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After 15 Years In Business, Three Twins Ice Cream Has Permanently Closed

Also: Instacart workers haven’t gotten masks, and more news to start your day

Three Twins Ice Cream has closed down for good
Three Twins/Facebook

Even after moving production to Wisconsin, Three Twins Ice Cream couldn’t make things work.

Three Twins Ice Cream, an organic ice cream brand that was founded in Petaluma about 15 years ago, announced on Friday that it had ceased operations for good. According to a Facebook post from founder Neal Gottlieb, “the business had been unsustainable and a capital infusion was necessary” even prior to the coronavirus crisis, but “any chances of a last minute solution were erased by the pandemic.”

The news likely came as a shock to fans of the brand, which was ubiquitous in grocery store freezers and boasted shops in San Francisco’s Lower Haight, Berkeley, and Larkspur. But things have never come easily for the ice cream company, which was known for stunts like its $3,300 “world’s most expensive sundae” and Gottlieb’s decision to compete in a 2016 season of the TV show Survivor.

Speaking with the North Bay Business Journal in June of 2019, Gottlieb said that the company had moved its production operation to Sheboygan, Wisconsin, in an effort to cut costs, as the company has never turned a profit. In Friday’s Facebook post. Gottlieb said “we were always working towards a scale where we could have sustained profitability, but in more recent years we saw the business contract and margins get squeezed further,” hence the complete closure of the company.

Dear Three Twins Community, It is with sadness that I announce that Three Twins Ice Cream is ceasing operations as of...

Posted by Three Twins Ice Cream on Friday, April 17, 2020

And in other news...

  • Though San Francisco-based Instacart announced weeks ago that it would provide its 350,000-shopper workforce with supplies to protect them from coronavirus exposure, workers say those supplies have yet to arrive. [Wired]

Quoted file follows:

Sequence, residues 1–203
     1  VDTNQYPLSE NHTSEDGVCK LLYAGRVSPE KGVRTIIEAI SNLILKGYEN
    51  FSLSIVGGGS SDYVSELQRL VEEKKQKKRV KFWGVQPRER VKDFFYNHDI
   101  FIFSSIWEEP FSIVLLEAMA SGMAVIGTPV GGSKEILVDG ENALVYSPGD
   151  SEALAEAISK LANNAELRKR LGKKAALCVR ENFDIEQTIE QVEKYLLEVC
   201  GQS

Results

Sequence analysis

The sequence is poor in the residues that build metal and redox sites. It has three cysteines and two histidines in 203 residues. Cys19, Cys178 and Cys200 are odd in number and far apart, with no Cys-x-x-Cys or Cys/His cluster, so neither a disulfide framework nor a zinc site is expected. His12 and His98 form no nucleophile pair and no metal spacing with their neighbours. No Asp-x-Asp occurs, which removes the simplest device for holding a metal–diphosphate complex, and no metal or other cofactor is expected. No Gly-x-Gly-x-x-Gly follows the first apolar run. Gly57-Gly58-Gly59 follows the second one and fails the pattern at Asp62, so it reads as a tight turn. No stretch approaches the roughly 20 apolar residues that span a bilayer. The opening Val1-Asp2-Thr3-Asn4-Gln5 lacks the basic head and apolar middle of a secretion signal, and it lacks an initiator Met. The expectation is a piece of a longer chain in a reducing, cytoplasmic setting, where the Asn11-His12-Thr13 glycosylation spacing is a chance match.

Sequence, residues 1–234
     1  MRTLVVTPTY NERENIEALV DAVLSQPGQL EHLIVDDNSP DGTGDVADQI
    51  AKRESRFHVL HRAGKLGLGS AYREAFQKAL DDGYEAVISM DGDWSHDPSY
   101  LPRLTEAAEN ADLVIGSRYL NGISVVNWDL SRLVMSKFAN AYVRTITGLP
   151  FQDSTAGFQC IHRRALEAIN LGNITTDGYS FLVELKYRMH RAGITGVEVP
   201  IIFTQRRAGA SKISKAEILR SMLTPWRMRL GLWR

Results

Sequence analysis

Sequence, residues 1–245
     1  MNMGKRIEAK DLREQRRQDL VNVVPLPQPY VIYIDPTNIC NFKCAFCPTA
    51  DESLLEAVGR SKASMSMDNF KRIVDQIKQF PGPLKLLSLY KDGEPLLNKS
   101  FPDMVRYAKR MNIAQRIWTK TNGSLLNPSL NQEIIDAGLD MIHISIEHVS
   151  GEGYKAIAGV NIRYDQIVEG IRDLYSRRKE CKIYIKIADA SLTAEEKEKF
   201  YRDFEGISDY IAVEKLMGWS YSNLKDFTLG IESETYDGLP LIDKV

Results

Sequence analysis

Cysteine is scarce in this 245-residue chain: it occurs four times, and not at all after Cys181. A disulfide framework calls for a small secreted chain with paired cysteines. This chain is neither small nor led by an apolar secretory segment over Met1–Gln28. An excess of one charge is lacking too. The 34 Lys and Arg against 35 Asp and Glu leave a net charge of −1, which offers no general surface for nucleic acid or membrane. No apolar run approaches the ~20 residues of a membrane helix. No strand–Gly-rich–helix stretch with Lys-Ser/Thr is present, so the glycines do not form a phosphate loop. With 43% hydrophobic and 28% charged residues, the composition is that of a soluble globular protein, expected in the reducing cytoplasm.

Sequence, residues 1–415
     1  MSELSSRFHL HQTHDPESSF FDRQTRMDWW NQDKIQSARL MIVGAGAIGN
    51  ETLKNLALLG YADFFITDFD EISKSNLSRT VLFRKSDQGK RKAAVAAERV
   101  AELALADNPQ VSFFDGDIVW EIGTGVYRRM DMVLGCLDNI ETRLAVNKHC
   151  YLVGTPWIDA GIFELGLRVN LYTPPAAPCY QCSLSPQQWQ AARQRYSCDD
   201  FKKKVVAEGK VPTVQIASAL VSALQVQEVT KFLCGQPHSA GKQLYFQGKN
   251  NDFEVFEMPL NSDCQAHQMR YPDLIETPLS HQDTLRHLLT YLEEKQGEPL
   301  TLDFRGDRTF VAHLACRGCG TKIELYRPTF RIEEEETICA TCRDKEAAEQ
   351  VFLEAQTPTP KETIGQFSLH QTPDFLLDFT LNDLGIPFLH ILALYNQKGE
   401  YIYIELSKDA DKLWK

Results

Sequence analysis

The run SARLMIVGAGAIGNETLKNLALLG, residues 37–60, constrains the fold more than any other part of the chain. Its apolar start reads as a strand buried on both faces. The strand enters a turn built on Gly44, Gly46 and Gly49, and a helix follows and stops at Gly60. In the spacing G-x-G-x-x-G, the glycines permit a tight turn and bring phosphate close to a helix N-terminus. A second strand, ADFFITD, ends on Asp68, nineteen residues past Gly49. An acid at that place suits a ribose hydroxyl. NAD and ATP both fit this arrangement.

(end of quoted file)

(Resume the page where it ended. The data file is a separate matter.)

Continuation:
• The apps for Bay Area-based delivery apps DoorDash, Uber Eats, and Postmates all struggled with outages Friday night. [CNet]
  • Newly opened Polk Street brunch spot Son and Garden is trying to figure out how to keep serving diners in the middle of the pandemic. [SF Gate]
  • A laid off server with Alioto’s Restaurant had only been working as a delivery driver for Uber Eats for about 10 days when he absently-minded left his car running at 18th and Mission Streets. “When I turn my back, I see someone stole my car,” Yusuf Soylemez, “and I run after him, because I see there’s a red light over there, but he didn’t stop in the red light, he just passed the street and he keep going.” [KPIX]
  • An urban legend claims that the East Bay’s Claremont Hotel was only allowed to have a bar because a clever UC Berkeley student established its distance from the school — but proof of that story appears not to exist. [SF Gate]
  • Oakland roastery Mr. Espresso has donated 2,500 pounds of coffee to area nonprofits and hospital workers. [East Bay Express]
  • Restaurant closures inside San Jose International Airport mean 346 food service workers have lost their jobs. [San Jose Mercury News]
  • A Google chef was left with time on his hands during the coronavirus crisis, so he started making thousands of loaves of Filipino pandesal breads that he’s served to healthcare workers via a pulley system from his window. [ABC 7]
  • Gaylord’s Caffe Espresso, a Piedmont Avenue coffee shop that has served a generation of coffee drinkers, appears to have closed. [Darwin Bond Graham/Twitter]
  • Dominique Crenn has joined a nation-wide lawsuit against insurance company the Hartford for denying restaurant business interruption claims. [KPIX]

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